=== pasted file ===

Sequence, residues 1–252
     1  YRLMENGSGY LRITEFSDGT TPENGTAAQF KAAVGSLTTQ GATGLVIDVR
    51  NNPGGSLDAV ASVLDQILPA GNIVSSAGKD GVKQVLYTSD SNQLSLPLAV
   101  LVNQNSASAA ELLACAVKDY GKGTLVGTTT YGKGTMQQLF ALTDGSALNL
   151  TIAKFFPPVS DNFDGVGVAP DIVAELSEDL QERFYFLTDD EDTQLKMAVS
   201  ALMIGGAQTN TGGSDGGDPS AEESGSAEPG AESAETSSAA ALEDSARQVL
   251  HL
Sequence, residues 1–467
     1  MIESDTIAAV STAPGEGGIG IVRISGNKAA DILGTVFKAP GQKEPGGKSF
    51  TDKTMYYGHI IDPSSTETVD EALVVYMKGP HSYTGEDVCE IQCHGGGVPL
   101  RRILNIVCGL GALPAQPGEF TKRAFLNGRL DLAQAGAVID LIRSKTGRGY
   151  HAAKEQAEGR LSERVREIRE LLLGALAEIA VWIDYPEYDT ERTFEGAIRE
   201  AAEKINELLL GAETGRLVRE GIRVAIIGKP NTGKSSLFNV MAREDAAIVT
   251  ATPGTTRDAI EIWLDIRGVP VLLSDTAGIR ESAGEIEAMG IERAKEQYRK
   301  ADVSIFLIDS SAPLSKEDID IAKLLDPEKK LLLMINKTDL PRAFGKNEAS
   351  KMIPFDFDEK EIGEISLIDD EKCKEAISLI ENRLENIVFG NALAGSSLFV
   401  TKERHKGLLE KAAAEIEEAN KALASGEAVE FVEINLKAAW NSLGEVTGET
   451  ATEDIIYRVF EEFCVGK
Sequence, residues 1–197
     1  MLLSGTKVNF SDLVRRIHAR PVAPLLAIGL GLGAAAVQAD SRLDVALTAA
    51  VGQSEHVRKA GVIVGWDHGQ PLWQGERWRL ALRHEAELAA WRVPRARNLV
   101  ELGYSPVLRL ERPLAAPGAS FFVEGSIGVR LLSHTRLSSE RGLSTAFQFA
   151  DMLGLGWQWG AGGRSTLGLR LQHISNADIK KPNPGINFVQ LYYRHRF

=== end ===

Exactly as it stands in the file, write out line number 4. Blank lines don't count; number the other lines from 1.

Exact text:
   101  LVNQNSASAA ELLACAVKDY GKGTLVGTTT YGKGTMQQLF ALTDGSALNL